“Unfortunately, ‘diversity’ has become a dirty word. When all is said and done, it just doesn’t work in our company and I don’t care what all the zealots say, facts are facts.” — Fortune 100 corporate executive.
I recently interviewed the members of a large firm’s leadership team after they had agreed to end virtually all of the firm’s diversity initiatives. This company’s leaders genuinely wanted to create a more inclusive and diverse environment, but the chief executive was fed up with years of dead-end initiatives that had done little to create any real change. Their discontent was legitimate. If leaders really do want some kind of shift toward greater inclusion in their companies and if they don’t really see compelling value from their efforts, then what should they do?
My research and consulting on what I call “leveraging differences” lays out three critical principles for making diversity work.
The starting point for doing diversity well is a deep understanding of the business strategy. That way, exploration of how difference can make a difference is aligned with the company’s purpose. This step has two powerful implications. First, any activity that is aligned with the business strategy is much more likely to last. If you are looking for sustainable change in diversity, this is where to start. Second, and more challenging, is that this means that traditional common diversity agendas — such as closing racial or gender disparities — may or may not be the most important work for an organization to do. Instead, its focus may be on greater diversity of educational background, or on age or level of innovative thinking. The best way to build diversity always comes from following the business strategy.
The corollary to the strategy-drives-diversity principle is that many kinds of differences may be relevant. Diversity initiatives usually focus on a small set of socially important differences such as race, gender, ethnicity, sexual orientation, age or religion. But to leverage difference, leaders must identify the differences that really matter in helping the organization achieve its goals. And it’s incumbent on leaders to redirect resources from activities that don’t support those organizational goals. If learning style diversity is more important for a consulting firm’s success than gender diversity, it’s legitimate to focus more on developing collaboration among people with different learning styles. One important caution: those differences that are most charged and contentious in a society are often the most fertile ground for learning how to leverage difference. Gender, race and sexual orientation often go hand in hand with deeper differences like thought style and creativity. It’s hard to build a personal competency and an organizational capability for engaging difference if you aren’t willing to deal with tough differences directly.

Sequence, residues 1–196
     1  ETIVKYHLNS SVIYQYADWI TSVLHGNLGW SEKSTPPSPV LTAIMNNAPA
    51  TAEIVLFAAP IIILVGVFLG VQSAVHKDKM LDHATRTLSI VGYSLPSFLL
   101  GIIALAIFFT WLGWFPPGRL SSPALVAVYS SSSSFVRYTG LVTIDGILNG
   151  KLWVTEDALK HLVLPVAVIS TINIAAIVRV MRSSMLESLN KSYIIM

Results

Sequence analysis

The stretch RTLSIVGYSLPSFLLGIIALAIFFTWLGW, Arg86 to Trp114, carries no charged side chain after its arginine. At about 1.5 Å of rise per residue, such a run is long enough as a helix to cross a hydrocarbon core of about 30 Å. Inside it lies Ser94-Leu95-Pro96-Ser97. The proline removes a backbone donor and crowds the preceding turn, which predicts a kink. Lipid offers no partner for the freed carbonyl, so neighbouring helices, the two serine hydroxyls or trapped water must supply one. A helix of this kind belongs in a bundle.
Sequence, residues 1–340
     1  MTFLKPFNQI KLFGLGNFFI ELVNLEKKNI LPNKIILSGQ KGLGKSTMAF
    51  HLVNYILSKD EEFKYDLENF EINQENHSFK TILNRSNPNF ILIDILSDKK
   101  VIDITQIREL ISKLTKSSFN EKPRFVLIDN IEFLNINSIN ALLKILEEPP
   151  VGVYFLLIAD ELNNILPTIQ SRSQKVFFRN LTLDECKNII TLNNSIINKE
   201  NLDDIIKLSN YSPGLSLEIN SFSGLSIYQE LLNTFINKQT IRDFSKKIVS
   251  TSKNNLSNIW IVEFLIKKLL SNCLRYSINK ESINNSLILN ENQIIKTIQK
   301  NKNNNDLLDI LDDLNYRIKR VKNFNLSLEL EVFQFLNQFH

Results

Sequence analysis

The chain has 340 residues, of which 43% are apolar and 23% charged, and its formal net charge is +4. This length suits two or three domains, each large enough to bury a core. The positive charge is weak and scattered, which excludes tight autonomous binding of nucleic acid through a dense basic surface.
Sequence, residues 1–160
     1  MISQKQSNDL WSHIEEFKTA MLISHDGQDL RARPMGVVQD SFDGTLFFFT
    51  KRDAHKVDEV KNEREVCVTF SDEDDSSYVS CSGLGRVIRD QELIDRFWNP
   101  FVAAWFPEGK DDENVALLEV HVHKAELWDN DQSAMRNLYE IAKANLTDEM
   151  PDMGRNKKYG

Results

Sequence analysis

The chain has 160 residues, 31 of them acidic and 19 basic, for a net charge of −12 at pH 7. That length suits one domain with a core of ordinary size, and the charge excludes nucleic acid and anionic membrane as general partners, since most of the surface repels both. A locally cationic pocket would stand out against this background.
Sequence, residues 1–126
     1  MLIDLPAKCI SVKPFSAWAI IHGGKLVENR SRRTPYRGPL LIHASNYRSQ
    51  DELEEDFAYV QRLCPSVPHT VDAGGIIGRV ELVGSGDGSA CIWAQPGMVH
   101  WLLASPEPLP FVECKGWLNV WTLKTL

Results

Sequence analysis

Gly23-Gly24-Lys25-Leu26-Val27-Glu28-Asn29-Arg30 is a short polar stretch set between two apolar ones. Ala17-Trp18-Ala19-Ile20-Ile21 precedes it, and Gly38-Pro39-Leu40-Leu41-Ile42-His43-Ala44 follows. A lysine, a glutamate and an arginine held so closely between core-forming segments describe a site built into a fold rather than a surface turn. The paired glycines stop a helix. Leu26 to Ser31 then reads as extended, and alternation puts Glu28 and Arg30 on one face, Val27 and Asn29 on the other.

To be the driver for leveraging difference, you have to clear your head and heart. What undermines attempts to make diversity work is the difficulty people have in foregoing personal and emotional agendas in the service of what is best for the organization. Those who resist diversity are convinced that it is bad. They adamantly refuse to attend to the irrefutable evidence of the benefits that diversity — when skillfully engaged — provides. Diversity proponents often avoid dealing with the legitimate discontent expressed by the executive I quoted at the beginning of this post. They advocate and sometimes even bully people into acquiescing to a diversity agenda. Both of these stances destroy the opportunity to realize the value that difference can bring to an organization.
Leaders who can leverage diversity take a realistic view of where and how differences help. They drive that message throughout the organization with meticulous analysis, social adeptness and the boundless energy that derives from doing important work that really helps an organization succeed.
Martin N. Davidson is professor of business administration at the University of Virginia Darden School of Business. He co-teaches executive education courses “Managing Individual and Organizational Change” in September and “The Women’s Leadership Program” in October.